BACKGROUND: Suicide is a global public health concern, but it is preventable. Increased contact with primary care before the suicide or attempted suicide raises opportunities for intervention and prevention. However, suicide assessment and management are areas that many general practitioners (GPs) find particularly challenging. Previous research has indicated significant variability in how GPs understand, operationalize, and assess suicide risk, which subsequently has an impact on clinical decision making...
December 7, 2018: JMIR Research Protocols
Danielle M Nash, Amit X Garg, K Scott Brimble, Maureen Markle-Reid
BACKGROUND: Patients should receive follow-up serum creatinine tests after an initial abnormal result to diagnose chronic kidney disease. However, half of the time this fails to occur in primary care. We interviewed primary care providers to better understand their perceptions of enablers and barriers to following this guideline-recommended care. METHODS: We performed a qualitative descriptive study guided by the Theoretical Domains Framework (TDF), a framework for behavioural change...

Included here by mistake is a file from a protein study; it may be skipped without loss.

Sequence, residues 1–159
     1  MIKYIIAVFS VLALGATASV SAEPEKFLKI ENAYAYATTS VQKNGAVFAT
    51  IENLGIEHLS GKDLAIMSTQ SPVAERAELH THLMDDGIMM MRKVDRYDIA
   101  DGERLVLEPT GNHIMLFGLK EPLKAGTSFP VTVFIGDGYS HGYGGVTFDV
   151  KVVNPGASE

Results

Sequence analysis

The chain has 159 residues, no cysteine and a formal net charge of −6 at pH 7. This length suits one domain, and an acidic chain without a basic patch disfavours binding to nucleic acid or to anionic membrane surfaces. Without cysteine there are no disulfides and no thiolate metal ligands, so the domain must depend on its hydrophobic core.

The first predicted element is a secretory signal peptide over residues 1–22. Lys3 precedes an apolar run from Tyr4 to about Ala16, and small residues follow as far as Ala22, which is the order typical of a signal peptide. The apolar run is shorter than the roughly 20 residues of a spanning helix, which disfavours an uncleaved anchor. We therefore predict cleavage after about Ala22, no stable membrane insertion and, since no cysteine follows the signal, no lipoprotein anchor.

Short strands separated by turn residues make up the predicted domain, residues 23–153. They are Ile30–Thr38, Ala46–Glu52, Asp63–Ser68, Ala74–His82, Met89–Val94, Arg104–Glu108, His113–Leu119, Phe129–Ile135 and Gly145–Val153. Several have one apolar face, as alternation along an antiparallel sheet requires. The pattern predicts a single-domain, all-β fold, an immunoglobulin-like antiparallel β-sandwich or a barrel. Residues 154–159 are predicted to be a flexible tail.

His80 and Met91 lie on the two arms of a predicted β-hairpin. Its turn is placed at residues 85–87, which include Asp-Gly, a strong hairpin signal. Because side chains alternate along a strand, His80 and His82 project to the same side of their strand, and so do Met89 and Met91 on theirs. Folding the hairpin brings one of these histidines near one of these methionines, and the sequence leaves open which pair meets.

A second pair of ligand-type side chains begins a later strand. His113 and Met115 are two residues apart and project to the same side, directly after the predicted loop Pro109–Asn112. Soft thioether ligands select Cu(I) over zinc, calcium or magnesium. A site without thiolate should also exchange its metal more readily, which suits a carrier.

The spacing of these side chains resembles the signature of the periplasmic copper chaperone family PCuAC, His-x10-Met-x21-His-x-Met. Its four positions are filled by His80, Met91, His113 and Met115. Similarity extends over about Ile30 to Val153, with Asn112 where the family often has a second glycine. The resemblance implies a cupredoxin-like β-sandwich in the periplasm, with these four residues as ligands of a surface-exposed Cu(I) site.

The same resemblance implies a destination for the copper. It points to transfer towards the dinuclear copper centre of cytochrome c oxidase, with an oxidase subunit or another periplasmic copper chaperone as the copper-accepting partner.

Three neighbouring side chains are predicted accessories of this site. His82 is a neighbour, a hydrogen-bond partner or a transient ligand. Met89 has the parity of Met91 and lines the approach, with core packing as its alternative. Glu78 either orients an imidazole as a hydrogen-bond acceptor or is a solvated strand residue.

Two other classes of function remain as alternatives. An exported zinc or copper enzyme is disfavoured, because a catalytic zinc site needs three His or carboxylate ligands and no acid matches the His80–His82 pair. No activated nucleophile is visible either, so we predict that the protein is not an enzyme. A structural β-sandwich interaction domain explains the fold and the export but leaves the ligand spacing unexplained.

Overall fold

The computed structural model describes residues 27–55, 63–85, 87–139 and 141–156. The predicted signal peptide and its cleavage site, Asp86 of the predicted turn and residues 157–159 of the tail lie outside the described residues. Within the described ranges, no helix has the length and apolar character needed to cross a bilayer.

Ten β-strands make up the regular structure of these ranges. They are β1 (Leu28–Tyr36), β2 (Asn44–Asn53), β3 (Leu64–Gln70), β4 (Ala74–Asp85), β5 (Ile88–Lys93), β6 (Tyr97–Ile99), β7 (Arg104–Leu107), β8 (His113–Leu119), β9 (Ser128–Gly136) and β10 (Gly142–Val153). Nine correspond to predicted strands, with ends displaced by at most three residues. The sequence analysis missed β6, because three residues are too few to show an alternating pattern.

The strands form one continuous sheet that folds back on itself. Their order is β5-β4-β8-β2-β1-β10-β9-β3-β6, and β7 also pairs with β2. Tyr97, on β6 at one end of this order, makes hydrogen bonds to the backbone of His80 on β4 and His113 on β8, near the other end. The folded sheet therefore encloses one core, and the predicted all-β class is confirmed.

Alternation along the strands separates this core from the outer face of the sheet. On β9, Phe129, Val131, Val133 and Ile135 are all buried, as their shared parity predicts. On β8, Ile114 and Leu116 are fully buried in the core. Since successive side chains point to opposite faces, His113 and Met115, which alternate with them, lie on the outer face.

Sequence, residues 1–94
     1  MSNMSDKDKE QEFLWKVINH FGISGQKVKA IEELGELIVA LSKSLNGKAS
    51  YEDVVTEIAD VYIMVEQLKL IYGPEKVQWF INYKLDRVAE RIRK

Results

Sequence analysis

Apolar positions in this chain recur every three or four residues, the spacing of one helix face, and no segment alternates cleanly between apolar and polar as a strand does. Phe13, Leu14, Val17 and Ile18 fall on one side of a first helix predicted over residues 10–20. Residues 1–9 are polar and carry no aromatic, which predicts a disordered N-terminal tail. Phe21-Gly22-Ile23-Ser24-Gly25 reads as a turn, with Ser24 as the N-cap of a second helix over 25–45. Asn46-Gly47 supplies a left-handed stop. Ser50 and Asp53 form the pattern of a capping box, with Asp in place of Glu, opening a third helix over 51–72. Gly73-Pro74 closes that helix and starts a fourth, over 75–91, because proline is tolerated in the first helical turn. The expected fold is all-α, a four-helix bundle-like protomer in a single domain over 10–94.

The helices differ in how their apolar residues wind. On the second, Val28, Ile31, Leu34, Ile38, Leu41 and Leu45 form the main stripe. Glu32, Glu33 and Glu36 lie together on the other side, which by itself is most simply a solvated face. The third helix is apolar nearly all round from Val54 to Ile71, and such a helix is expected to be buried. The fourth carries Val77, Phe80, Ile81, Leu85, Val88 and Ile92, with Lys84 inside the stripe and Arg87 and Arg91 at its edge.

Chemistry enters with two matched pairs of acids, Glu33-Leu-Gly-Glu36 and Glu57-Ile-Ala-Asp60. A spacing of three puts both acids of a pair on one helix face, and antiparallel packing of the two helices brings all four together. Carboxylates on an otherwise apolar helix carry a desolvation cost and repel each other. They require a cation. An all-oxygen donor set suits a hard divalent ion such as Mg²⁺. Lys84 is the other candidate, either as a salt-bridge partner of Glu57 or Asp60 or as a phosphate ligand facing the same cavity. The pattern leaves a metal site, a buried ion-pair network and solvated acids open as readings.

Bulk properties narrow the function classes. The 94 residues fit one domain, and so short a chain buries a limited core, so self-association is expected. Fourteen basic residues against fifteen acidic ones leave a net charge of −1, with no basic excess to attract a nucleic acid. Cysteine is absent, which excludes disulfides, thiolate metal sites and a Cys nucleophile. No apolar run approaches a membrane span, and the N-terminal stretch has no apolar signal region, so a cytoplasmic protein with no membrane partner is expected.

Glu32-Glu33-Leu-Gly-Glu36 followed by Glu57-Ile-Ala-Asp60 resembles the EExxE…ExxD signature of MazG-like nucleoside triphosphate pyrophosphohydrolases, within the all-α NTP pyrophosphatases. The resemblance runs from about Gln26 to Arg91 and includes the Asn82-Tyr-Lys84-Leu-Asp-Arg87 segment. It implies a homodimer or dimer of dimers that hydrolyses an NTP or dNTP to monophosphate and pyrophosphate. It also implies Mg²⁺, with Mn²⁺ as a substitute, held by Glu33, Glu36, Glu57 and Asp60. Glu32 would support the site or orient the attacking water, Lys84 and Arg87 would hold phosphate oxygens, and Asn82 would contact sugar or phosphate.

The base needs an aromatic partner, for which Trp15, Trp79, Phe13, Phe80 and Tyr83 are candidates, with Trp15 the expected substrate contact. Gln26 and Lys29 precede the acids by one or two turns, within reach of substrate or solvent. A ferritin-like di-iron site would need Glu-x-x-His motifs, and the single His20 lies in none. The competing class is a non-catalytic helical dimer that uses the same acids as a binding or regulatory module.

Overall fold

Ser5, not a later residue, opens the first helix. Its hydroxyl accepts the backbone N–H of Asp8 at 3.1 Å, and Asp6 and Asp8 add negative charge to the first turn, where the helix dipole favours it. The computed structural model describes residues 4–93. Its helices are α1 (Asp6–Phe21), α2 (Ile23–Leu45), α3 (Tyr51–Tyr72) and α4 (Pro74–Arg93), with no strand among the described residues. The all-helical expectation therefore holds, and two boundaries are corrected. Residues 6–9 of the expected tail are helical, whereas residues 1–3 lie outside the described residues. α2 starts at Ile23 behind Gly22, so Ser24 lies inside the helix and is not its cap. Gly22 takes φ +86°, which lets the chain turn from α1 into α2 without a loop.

December 10, 2018: BMC Family Practice
Claire Kendall, Michael Fitzgerald, Rachel Seoyeon Kang, Sabrina T Wong, Alan Katz, Martin Fortin, Emilie Dionne, Kerry Kuluski, Mary Ann O'Brien, Jenny Ploeg, Lois Crowe, Clare Liddy
Plain English summary: Increasingly, health researchers are conducting their research in partnership with non-researchers such as patients and caregivers, advocacy groups, clinicians, and policymakers. The idea behind this partnership is to make research more relevant and appropriate. However, so far there is not much evidence about how this partnership or engagement actually affects research. We conducted an online survey of 12 teams in Canada that have engaged patients and other stakeholders in community based health research, partly as a requirement to obtain funding...